This past month the financial advisors at Ruedi Wealth Management wrote four more “Finance 101” columns for The News-Gazette’s Business Extra Section. Make sure to look for the columns every Sunday, but in case you missed any of them this past month the columns from June are below.
Pension vs. Lump Sum: Financial Considerations
David Ruedi, CFP®
The choice between receiving retirement benefits as a stream of payments (annuity) or as a lump sum that you will then invest yourself and withdraw from is a complicated one. There are many things you need to consider, some are purely financial and can be fleshed out by crunching numbers, and some are personal and can only be decided based on what makes you feel better. Today I want to cover the financial considerations.
The first consideration is straightforward: which option provides you with higher monthly spending. To make this comparison, you must determine what you could withdraw from the portfolio if you elected to receive the lump sum payout. Everyone’s withdrawal rate will differ depending on their time horizon and how their portfolio is invested.
The second financial consideration is how much you want to leave behind to your heirs. There is a chance of leaving behind an inheritance for your heirs by taking the lump sum, investing it, and withdrawing from that portfolio. However, this is not the case with most immediate annuities.
Another important consideration is the income reduction that can take place when the spouse receiving the pension annuity dies first. Unless you get a joint and survivor annuity, your benefits will go away or reduce at death. By contrast, an income stream based on withdrawing a certain amount from a portfolio does not have to reduce because one spouse passes away.
Other income sources should also be factored into this decision. If you have other guaranteed income streams such as Social Security, a good portion of your financial needs may be covered, making it more desirable to take a lump sum to invest for potential upside in lifestyle and legacy.
The final thing investors should consider is how a lump sum would likely be invested. If you would invest the lump sum almost entirely in bonds or money market funds, you may be better off taking the pension. Though it is hard to make blanket statements, generally speaking the higher the ratio of stocks in your portfolio, the higher likelihood of being better off taking the lump sum.
These are just a few of the financial considerations of taking a pension or a lump sum payout, and as you have noticed, there are a lot of moving parts. That is why this decision is so different for everyone and needs to be made on a case-by-case basis. Next week I will cover the emotional side of this decision, which can further compound an already complex choice.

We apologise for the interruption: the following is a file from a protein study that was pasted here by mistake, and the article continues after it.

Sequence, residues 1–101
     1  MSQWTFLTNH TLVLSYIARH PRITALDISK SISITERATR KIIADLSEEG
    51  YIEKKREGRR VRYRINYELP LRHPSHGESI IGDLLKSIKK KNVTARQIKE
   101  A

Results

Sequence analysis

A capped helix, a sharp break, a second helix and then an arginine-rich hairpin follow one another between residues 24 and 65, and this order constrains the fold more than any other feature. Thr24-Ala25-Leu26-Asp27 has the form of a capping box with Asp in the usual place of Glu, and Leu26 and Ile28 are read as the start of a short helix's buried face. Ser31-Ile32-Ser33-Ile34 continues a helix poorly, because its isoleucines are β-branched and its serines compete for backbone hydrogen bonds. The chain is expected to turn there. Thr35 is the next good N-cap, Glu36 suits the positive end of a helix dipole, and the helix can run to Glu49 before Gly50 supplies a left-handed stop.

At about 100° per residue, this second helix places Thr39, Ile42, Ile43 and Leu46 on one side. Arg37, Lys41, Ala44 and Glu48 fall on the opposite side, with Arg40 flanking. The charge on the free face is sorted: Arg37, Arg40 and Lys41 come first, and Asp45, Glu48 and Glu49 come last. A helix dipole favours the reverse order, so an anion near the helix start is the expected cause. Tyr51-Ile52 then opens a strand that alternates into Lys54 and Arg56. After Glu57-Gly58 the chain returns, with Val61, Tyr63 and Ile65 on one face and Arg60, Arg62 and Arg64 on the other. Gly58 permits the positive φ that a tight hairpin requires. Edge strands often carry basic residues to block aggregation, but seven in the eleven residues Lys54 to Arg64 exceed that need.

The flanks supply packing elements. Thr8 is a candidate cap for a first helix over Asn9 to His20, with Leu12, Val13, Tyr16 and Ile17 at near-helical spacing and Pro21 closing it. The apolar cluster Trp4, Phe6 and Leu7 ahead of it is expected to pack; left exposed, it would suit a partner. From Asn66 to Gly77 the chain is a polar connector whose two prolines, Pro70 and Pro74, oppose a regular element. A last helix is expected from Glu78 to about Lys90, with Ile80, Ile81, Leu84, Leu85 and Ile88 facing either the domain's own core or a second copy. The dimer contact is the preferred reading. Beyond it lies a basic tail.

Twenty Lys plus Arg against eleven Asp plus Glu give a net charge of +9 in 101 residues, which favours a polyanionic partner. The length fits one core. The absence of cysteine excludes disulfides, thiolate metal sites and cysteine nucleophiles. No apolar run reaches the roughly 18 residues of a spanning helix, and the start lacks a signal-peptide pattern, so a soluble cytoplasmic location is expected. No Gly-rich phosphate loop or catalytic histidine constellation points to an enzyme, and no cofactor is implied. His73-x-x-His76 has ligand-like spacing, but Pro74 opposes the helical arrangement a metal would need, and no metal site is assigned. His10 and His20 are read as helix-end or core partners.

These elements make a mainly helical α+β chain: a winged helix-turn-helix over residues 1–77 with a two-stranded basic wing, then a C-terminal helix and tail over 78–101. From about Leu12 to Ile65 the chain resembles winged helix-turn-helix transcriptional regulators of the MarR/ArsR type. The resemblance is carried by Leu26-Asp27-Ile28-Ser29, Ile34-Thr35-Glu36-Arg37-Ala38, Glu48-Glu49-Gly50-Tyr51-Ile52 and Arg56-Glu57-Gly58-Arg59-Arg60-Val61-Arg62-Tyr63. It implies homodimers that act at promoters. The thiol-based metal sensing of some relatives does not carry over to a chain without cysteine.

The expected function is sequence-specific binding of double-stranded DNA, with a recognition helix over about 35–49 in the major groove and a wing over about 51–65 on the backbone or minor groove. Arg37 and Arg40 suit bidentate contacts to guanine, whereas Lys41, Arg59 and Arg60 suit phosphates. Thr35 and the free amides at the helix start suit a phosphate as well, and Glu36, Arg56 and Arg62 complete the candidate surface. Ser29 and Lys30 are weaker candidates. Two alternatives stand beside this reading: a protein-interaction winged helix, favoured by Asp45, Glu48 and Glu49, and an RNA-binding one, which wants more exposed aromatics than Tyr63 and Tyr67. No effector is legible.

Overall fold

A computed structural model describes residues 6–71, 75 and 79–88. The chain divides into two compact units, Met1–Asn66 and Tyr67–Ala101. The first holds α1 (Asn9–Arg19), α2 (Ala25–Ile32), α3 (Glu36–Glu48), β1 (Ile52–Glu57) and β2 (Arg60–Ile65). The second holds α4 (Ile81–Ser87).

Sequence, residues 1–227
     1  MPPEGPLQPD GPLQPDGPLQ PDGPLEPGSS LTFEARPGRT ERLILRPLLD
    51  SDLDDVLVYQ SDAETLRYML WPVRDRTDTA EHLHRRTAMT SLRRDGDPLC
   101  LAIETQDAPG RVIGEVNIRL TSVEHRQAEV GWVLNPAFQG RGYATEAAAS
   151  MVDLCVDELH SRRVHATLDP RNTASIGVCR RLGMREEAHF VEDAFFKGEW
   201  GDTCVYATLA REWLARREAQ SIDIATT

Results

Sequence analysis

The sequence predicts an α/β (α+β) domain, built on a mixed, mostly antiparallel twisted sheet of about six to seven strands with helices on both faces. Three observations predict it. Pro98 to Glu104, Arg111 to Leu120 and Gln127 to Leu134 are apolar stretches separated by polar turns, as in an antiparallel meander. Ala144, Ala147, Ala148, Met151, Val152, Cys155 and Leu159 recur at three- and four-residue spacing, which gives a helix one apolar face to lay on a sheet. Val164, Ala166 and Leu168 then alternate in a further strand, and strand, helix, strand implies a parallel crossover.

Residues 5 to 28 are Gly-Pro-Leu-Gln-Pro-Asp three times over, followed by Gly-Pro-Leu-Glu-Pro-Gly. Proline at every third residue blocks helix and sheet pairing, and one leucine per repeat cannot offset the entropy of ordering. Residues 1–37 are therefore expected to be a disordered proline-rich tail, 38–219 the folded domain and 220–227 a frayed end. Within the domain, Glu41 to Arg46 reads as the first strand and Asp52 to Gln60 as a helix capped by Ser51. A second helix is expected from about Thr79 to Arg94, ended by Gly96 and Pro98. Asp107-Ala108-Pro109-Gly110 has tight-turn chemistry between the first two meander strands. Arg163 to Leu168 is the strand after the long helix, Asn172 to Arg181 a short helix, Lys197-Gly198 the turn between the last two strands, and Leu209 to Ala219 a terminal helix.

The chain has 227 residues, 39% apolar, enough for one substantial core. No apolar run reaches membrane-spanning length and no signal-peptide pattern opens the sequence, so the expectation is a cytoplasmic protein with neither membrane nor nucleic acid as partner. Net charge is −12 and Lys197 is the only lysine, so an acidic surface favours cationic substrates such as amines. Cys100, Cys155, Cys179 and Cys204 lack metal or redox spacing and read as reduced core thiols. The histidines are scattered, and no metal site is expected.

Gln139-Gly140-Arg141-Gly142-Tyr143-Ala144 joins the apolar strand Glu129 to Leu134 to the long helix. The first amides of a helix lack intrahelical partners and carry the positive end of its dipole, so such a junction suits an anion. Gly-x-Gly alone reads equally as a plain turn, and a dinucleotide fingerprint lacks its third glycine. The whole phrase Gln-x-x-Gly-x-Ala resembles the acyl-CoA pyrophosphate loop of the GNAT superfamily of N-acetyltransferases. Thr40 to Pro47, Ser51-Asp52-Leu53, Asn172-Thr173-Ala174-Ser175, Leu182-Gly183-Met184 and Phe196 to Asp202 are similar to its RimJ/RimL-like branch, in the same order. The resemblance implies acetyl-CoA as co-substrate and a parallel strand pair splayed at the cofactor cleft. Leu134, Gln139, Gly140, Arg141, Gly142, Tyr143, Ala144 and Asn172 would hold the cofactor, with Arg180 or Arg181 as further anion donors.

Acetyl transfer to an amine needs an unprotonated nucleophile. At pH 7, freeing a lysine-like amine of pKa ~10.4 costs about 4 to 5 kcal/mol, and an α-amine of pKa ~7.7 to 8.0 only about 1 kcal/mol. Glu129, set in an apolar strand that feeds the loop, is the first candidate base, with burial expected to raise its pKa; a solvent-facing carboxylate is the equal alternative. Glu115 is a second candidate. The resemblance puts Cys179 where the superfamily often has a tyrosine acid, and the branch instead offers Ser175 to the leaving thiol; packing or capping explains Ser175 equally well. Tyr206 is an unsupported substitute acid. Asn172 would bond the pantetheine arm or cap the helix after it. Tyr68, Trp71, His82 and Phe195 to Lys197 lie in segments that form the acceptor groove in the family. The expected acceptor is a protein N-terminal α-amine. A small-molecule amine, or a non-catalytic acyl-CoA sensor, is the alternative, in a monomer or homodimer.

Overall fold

Pension vs. Lump Sum: Emotional Considerations
David Ruedi, CFP®
The choice between receiving retirement benefits as a stream of payments (annuity) or as a lump sum that you will then invest yourself and withdraw from is a complicated one. There are many things you need to consider, and today I want to cover the personal and emotional side of the decision.
The first thing you should consider is whether you have the expertise and discipline to manage a lump sum. If you plan on taking a lump sum, you must have the knowledge required to develop a properly diversified investment portfolio and the emotional ability to stay invested through turbulent markets. You also need the expertise required to know how much you can withdraw from your portfolio without running out of money.
Another personal consideration is if you have a plan for who will manage your portfolio when you are no longer able. If you can manage your own portfolio now, who will manage it as your cognitive ability declines as you grow older? Does your spouse have the ability to manage the portfolio if something happens to you? Do you have a competent, trusted advisor that can manage the portfolio for you if/when you’re unable to manage the portfolio on your own?
Leaving an estate to your heirs is an emotional decision as well as a financial one. If you highly value leaving money behind to take care of family members or give to a favorite charitable cause, you will probably want to take the lump sum. If that’s not important to you, you may be more likely to choose the annuity option.
Potentially the most important of any of the financial or emotional considerations is which option gives you the greatest peace of mind. Some people feel better receiving “guaranteed” income instead of taking withdrawals from an investment portfolio that fluctuates. That is completely understandable, especially for those who will have the ability to do everything they want with the guaranteed annuity and won’t really benefit from any additional income an investment portfolio may provide.
As you can see, there are a lot of factors to consider when making the annuity vs. lump sum decision. In addition to the emotional aspects of the decisions, some of the considerations involve making calculations, like how much you can withdraw from an investment portfolio, that few people have the expertise to make themselves. If you are struggling to make this decision yourself, it can be very helpful to talk to a financial advisor who can provide you with everything you need to make an informed decision.